In my daily Bible Reading this week, I came across John 6:35 where Jesus says, “I am the bread of life. Whoever comes to me will never be hungry again. Whoever believes in me will never be thirsty.” This is a familiar verse to many. We are used to referring to Jesus as the Bread of Life, but we never really believe He is bread – literally. I admit, it does not help when Jesus later says in verse 53, “I tell you the truth, unless you eat the flesh of the Son of Man and drink his blood, you cannot have eternal life within you.” However, still, is He saying we are supposed to literally “eat” His flesh and blood? Our Roman Catholic brothers and sisters believe this to be the case. In 1563, the Catholic Council of Trent summarizes it like this. “Because Christ our Redeemer said that it was truly his body that he was offering under the species of bread, it has always been the conviction of the Church of God, and this holy Council now declares again, that by the consecration of the bread and wine there takes place a change of the whole substance of the bread into the substance of the body of Christ our Lord and of the whole substance of the wine into the substance of his blood. This change the holy Catholic Church has fittingly and properly called transubstantiation.”
In other words, the Catholic Church teaches that once an ordained priest blesses the bread of the Lord’s Supper, it is transformed into the actual flesh of Christ (though it retains the appearance, odor, and taste of bread); and when he blesses the wine, it is transformed into the actual blood of Christ (though it retains the appearance, odor, and taste of wine).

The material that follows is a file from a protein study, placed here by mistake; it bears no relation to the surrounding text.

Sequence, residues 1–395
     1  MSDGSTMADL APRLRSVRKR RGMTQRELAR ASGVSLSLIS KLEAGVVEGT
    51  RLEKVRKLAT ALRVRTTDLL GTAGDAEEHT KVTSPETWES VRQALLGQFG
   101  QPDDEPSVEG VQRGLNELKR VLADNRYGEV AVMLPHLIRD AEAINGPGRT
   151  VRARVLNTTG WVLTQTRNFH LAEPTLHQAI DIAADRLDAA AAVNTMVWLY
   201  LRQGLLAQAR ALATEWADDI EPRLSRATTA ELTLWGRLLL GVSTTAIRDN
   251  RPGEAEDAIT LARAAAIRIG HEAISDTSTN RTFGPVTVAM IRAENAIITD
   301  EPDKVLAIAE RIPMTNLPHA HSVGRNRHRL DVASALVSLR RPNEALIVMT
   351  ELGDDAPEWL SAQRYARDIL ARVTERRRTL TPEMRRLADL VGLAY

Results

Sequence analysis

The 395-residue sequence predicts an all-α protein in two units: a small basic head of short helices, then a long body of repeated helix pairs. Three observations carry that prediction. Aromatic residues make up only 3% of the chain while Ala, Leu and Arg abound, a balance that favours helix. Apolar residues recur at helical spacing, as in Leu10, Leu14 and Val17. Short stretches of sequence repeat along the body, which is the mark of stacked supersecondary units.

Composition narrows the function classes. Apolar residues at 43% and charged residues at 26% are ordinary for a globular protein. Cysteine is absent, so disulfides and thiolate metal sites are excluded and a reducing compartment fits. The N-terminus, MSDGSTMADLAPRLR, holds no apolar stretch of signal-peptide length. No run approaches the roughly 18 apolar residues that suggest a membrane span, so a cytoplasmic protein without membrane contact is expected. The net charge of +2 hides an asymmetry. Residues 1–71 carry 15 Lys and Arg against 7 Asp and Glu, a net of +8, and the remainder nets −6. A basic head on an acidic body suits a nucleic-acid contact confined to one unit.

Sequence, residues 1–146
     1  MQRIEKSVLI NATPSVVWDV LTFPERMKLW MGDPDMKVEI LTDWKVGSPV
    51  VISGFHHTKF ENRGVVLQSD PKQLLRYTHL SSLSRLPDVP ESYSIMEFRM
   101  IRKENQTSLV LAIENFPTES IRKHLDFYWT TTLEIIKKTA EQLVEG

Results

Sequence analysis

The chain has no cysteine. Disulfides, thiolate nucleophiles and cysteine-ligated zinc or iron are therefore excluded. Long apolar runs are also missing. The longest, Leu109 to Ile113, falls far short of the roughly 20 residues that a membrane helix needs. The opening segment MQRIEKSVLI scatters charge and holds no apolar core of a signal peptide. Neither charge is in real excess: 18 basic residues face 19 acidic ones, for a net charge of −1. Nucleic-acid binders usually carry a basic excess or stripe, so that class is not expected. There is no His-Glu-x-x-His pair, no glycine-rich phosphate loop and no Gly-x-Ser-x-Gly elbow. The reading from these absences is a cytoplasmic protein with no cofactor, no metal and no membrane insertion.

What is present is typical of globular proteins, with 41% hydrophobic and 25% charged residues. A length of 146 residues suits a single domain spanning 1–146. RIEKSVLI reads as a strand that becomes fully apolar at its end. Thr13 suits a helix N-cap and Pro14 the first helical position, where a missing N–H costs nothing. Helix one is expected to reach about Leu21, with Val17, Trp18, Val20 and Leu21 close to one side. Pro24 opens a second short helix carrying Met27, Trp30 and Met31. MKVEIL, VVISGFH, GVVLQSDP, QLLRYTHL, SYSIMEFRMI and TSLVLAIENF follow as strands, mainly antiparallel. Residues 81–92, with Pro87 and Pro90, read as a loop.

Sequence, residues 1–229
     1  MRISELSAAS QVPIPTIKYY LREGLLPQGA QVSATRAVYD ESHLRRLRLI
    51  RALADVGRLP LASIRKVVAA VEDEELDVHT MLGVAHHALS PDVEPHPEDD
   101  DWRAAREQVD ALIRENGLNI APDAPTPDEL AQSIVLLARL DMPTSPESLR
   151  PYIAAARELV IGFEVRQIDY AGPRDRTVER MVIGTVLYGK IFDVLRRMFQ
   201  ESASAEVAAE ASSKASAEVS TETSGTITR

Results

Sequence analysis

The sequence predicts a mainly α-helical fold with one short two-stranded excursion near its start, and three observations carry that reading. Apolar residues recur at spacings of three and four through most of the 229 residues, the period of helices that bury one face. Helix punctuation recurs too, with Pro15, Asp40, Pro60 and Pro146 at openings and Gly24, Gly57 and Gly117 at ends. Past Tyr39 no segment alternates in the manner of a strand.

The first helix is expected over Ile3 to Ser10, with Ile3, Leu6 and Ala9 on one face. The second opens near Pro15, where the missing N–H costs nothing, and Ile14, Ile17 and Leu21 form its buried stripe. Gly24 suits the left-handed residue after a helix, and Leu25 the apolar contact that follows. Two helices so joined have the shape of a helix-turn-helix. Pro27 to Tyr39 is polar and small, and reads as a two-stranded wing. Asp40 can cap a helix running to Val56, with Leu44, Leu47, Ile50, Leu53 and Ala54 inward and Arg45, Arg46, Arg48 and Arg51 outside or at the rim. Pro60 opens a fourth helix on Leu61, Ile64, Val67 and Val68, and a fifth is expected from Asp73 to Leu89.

I always wondered about that interpretation. It is interesting to note that Jesus said all of this prior to instituting communion at the Last Supper. So, He could not have been referencing communion here. Besides, in John 10:9, Jesus said, “I am the gate for the sheep.” In John 15:5, He said, “I am the vine.” Yet, we have never thought He was literally a gate or a vine. Why do we get stuck on, “I am the bread?” I mean, He followed that with, “Anyone who comes to me will never be hungry again. Whoever believes in me will never be thirsty.” Not, anyone who eats me. Yes, “unless you eat my flesh and drink my blood” goes a step further, but I believe Jesus is talking about how important it is to accept Him beyond words. Just as physical bread must be eaten in order to enjoy its nourishing benefits, so too must Jesus, the bread of life, be taken internally (eaten if you want to continue the “Bread of Life” analogy) in order that we might enjoy salvation through faith in Him. Truly believing in Jesus means being changed – internally. As God said to Ezekiel, “I will take out your stony, stubborn heart and give you a tender, responsive heart” (Ezekiel 36:26).
When you accept Christ as your Lord and Savior, you are changed. The next time you celebrate communion, just think about what Jesus did – His body was broken and His blood shed so that your change could happen.
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